I’ve also met some really fun people through group tours I’ve done via airbnb experiences. It’s a great way to join a group if you maybe want to go for a day hike or something but aren’t comfortable going alone and it’s another great way to meet travelers with similar interests!
Not everywhere is going to live up to your expectations and that’s okay! You can still cross that place off your bucket list and now you know that you don’t want to go similar places in the future. For example I really didn’t care for both Paris and Amsterdam. But I wouldn’t have known that by staying home! And even though I didn’t really care for those places in general, I did have some really great moments in both places and now I know that I’d prefer to visit somewhere else in the future.
I also want to mention that whenever you have a bad experience or two in a city, don’t write off the place as a whole. And definitely don’t write off solo travel as a whole if you have a bad experience when traveling by yourself.
I went to Amsterdam for a weekend.
Friday night I got followed by an annoying stranger from bar to bar.
Saturday it was rainy and cold and not fun. Saturday night I stayed in and facetimed my friends back home because I was sooo over Amsterdam at that point.
But Sunday was a beautiful day so I got to go to the park and go sightseeing! Sunday night was my last night in Europe for that trip so I was guaranteed to make it a great night. I spent it in the hostel common room, hanging out with random people from all over the world and laughing until the sun came up. I didn’t keep in contact with most of those people, but it was a much more fun way to spend my last night in Europe than laying in bed would’ve been!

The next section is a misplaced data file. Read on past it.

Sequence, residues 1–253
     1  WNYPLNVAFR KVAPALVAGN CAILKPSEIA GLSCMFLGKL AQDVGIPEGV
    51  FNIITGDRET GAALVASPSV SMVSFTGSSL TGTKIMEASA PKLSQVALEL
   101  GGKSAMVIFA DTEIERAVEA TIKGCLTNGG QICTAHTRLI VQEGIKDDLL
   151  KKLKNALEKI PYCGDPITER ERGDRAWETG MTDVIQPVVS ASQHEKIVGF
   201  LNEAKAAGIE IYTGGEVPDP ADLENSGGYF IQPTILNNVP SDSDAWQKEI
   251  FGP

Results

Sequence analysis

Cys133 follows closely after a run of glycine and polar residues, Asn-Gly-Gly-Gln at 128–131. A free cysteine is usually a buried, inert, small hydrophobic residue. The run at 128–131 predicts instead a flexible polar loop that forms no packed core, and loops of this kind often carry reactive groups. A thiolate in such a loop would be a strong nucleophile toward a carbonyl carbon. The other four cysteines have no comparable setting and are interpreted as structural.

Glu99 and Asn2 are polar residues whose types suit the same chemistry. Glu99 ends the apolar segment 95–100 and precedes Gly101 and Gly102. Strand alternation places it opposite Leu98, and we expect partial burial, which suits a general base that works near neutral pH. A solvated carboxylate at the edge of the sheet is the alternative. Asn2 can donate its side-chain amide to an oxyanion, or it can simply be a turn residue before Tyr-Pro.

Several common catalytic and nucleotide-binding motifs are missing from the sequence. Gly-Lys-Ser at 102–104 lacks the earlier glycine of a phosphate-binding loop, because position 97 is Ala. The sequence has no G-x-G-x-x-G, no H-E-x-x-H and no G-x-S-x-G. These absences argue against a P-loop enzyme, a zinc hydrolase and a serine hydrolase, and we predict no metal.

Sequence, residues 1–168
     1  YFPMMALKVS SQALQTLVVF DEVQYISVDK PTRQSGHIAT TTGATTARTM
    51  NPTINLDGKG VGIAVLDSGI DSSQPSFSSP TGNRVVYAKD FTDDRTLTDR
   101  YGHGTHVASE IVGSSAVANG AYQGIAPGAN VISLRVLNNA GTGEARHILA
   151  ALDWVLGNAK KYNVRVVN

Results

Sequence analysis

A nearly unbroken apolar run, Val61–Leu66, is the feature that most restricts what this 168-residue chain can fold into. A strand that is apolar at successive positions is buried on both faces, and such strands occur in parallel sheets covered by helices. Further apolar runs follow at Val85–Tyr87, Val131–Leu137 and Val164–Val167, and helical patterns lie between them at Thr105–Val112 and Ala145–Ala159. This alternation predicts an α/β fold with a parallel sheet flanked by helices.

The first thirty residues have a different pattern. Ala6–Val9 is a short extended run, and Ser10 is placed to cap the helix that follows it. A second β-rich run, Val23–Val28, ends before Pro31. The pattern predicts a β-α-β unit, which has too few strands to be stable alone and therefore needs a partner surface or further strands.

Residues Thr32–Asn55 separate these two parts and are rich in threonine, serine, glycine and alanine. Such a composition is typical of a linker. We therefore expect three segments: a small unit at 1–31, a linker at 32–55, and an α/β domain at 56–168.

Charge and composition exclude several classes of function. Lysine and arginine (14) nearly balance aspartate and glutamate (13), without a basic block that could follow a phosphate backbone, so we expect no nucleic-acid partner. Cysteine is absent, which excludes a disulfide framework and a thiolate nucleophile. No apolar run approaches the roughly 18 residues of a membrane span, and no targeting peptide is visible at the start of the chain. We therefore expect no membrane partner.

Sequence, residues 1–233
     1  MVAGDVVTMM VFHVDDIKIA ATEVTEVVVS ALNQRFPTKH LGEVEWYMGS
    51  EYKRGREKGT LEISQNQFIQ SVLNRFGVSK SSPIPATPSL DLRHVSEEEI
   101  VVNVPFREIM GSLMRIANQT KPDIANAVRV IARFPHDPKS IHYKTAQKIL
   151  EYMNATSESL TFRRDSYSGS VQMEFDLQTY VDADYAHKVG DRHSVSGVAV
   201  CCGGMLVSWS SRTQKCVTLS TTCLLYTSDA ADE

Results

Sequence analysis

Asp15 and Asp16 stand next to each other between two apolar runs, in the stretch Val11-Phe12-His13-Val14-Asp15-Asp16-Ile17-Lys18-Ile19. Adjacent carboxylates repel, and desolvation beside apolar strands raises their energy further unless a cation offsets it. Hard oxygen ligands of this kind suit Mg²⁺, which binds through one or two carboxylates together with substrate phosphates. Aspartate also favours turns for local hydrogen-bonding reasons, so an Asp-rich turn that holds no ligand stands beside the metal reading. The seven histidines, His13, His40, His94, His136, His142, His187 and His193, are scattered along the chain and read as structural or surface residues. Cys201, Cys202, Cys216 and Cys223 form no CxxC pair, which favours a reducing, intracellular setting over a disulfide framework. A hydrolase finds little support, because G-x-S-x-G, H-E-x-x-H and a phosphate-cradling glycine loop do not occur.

At the end of the day you can have all the information that you need about solo travel and still come up with excuses not to go.
Quit thinking about what will happen if you go, and start thinking about what will happen if you don’t. If you don’t go on this trip, you’re going to be stuck exactly where you’re at now. And if you’re considering making a change, I’m willing to bet that you’re not happy with where you are. The longer you wait to take this leap, the more precious time you are wasting away in your office cubicle that you could be spending drinking pina coladas on the beach in Bali instead.
You just have to trust your intuition. Be aware of what’s going on around you, but don’t be paranoid. The world has more to offer you than it has to hurt you. People who tell you the world is a scary place do not solo travel. You however, are a badass who chases your dreams. So do not live in fear!
You’re still going to be a little scared and anxious. That’s the wonderful feeling of venturing out of your comfort zone. So go! Because the saying that nothing ever grows there is so true. Opportunities, adventures, and happiness are not going to just fall in your lap. You have to take the leap to make them happen. I promise you that the anxiety will turn into butterflies of giddy excitement over time. But in order to get there, you have to just take the first step.
Related Post: How To Avoid Getting Lonely When Traveling Solo
Click here to read more blog posts about life as a full time solo traveler. If you want to make traveling more of a priority this year, watch my free webinar that will teach you how you too can travel full time. And lastly, connect with us on Instagram! We’d love to get to know you! Happy traveling!